Defense rests in Jodi Arias case

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By Tami Hoey By Tami Hoey

PHOENIX -- The defense in the Jodi Arias case has now rested, and the sentencing retrial may finally be winding down.

Arias will not be going back on the witness stand. A few months ago, Arias testified in secret without the media or public present.

But the Arizona Supreme Court said she couldn't do that. Now, she's decided not to finish what she started.

Arias told Judge Sherry Stevens that since she can no longer testify without the public present she would rather stay silent until the end of the trial when she can address the jury in her own way without any lawyer questions.

Legal expert Dwane Cates said it's a win for the defense team that Arias will not have to be cross-examined by prosecutor Juan Martinez.

"We're talking about humanizing her, making her a person for the jury," Cates said. "Jurors have a hard time putting female defendants to death to begin with and the more she becomes a person the harder it will be for them to vote for the death penalty."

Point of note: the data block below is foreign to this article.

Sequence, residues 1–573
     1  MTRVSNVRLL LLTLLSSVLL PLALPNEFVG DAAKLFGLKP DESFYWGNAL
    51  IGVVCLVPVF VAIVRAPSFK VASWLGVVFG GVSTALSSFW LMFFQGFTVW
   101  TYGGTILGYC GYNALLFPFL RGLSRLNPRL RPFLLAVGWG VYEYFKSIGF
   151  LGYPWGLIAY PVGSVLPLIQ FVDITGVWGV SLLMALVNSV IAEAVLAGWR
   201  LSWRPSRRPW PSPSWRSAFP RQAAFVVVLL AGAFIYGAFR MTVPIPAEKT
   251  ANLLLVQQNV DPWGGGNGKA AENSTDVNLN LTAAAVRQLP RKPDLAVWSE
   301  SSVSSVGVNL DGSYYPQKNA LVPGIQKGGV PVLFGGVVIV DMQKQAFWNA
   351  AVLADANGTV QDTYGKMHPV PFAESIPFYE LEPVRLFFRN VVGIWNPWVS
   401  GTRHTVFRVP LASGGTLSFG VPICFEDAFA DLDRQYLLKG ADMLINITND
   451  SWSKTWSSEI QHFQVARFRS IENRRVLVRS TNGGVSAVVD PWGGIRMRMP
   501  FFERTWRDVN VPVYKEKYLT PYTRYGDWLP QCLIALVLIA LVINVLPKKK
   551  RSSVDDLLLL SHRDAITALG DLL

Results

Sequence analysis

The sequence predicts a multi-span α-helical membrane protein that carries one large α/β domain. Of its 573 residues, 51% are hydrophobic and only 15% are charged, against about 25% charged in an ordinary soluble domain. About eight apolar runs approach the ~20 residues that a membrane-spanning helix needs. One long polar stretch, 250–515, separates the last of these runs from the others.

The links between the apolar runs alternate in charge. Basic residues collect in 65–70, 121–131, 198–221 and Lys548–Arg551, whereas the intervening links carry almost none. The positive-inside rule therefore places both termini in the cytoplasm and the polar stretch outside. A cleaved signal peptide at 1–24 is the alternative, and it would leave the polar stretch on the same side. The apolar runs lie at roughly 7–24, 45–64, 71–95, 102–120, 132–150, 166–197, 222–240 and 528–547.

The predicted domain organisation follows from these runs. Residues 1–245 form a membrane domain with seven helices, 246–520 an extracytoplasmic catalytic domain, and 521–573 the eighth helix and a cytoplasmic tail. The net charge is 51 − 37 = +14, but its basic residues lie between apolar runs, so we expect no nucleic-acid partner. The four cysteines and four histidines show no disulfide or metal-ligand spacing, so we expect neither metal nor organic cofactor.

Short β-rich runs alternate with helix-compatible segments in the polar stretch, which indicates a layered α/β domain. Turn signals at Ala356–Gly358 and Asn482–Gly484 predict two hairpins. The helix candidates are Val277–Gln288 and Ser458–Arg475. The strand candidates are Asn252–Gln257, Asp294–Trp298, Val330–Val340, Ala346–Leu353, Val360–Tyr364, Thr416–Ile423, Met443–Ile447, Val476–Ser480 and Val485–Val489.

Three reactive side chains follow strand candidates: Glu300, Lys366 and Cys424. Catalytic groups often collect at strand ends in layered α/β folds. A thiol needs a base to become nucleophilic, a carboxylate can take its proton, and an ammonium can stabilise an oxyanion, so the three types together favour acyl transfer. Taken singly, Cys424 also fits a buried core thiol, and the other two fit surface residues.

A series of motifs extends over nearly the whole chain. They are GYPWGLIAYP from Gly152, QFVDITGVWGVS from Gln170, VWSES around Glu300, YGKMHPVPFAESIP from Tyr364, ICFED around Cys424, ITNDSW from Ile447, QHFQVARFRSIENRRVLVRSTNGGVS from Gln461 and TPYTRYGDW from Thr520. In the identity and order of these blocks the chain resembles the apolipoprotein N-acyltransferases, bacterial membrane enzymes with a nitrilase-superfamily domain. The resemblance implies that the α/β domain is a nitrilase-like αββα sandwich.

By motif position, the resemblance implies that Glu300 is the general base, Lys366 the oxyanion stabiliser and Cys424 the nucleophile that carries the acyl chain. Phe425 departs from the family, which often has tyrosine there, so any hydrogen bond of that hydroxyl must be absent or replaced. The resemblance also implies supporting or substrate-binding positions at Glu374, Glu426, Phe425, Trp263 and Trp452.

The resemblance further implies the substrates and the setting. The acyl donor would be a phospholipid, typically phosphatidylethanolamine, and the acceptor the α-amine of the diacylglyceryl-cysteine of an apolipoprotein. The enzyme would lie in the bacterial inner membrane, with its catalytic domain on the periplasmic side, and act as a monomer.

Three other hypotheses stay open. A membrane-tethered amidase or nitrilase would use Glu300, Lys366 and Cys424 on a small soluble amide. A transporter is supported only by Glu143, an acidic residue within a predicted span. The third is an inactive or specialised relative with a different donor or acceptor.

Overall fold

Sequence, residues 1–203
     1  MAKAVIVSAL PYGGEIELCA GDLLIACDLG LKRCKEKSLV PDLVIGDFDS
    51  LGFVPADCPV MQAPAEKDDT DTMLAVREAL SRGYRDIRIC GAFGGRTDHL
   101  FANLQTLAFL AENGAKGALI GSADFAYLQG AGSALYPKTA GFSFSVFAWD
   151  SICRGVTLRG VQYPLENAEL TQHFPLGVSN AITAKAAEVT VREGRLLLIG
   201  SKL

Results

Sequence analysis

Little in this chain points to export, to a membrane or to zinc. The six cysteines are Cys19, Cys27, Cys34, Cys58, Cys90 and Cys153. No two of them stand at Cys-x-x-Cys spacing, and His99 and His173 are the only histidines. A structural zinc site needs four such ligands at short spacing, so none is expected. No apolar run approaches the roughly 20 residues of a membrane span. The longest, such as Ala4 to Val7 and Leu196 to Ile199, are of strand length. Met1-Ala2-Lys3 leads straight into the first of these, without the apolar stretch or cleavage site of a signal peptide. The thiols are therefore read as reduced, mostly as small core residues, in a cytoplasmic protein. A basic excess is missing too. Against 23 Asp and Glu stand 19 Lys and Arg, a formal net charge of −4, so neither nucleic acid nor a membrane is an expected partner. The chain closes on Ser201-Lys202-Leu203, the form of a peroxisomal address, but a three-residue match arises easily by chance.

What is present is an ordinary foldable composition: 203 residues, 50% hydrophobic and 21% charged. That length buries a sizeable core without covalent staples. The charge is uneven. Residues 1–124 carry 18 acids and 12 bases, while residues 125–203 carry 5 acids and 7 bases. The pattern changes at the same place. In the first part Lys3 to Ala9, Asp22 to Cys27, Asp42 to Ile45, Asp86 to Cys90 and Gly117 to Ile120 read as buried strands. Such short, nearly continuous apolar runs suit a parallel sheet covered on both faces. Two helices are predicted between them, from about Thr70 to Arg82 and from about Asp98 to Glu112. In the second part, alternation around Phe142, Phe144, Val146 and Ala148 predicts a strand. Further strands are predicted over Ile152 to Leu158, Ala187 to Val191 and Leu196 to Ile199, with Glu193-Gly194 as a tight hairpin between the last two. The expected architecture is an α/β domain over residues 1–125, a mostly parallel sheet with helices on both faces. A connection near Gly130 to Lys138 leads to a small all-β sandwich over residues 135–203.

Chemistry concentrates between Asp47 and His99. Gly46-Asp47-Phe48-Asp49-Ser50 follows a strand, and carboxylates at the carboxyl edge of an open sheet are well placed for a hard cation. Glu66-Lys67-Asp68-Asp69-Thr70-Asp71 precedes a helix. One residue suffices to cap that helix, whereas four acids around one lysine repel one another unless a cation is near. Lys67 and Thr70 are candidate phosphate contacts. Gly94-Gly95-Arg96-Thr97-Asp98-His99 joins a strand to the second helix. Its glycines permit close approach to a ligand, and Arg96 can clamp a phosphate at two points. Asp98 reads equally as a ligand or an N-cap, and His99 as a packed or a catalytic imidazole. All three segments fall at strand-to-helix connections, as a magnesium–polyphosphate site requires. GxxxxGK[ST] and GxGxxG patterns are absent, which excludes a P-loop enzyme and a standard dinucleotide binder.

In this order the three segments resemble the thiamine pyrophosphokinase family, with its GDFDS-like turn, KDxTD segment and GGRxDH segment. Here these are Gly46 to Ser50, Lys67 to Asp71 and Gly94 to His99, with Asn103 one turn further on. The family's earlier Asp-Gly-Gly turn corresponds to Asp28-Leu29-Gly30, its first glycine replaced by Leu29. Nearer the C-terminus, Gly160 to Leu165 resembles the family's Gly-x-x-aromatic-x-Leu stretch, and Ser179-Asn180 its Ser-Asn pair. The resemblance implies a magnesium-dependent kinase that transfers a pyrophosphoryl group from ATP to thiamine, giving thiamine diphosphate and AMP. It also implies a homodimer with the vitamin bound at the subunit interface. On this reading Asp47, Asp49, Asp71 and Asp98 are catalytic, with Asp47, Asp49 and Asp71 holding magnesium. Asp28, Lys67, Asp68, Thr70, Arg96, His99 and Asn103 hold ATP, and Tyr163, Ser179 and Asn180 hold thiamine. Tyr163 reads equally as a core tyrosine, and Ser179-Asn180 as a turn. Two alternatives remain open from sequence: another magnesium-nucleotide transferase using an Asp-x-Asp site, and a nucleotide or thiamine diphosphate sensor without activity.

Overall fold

On the witness stand Tuesday was one of Alexander's ex-girlfriends, Deanna Reid. She testified that Alexander never physically abused her, disputing a defense witness statement that Alexander had hit Reid.

At one point Reid got a little hostile on the witness stand, telling one of Arias' lawyers that she is the one misleading the jury.

Testimony will continue Wednesday afternoon.

On Monday, prosecutor Juan Martinez pulled out all stops to discredit defense witness Robert Geffner.

Martinez and Geffner, a psychologist, got into a heated back-and-forth argument about domestic violence and the difference between a "shove" and a "push."

Arias, who was convicted of first-degree murder in the death of her ex-lover Travis Alexander, is fighting for her life as this jury determines whether she should spend the rest of her life in prison or should be executed.

The jury that convicted Arias on May 8, 2013, was unable to reach a verdict in her sentencing, and Stephens declared a mistrial May 23, 2013.

The body of 30-year-old Alexander was found in his Mesa apartment. He had been stabbed, his throat was slit and he had a gunshot wound to his forehead.

Arias, who initially denied she killed Alexander, would eventually admit that she killed him in self-defense, but jurors didn't buy into that claim.

Members of the current jury, which was selected from more than 400 potential jurors over several weeks, have been shown graphic photos of the crime scene, listened to interrogation tapes in which Arias produced a number of lies and had a juror dismissed for asking a woman journalist in attendance if she was TV journalist Nancy Grace, since the retrial began Oct. 21.

The trial, which has generated an online and cable news audience nationwide, is expected to last through January, Stephens said last week.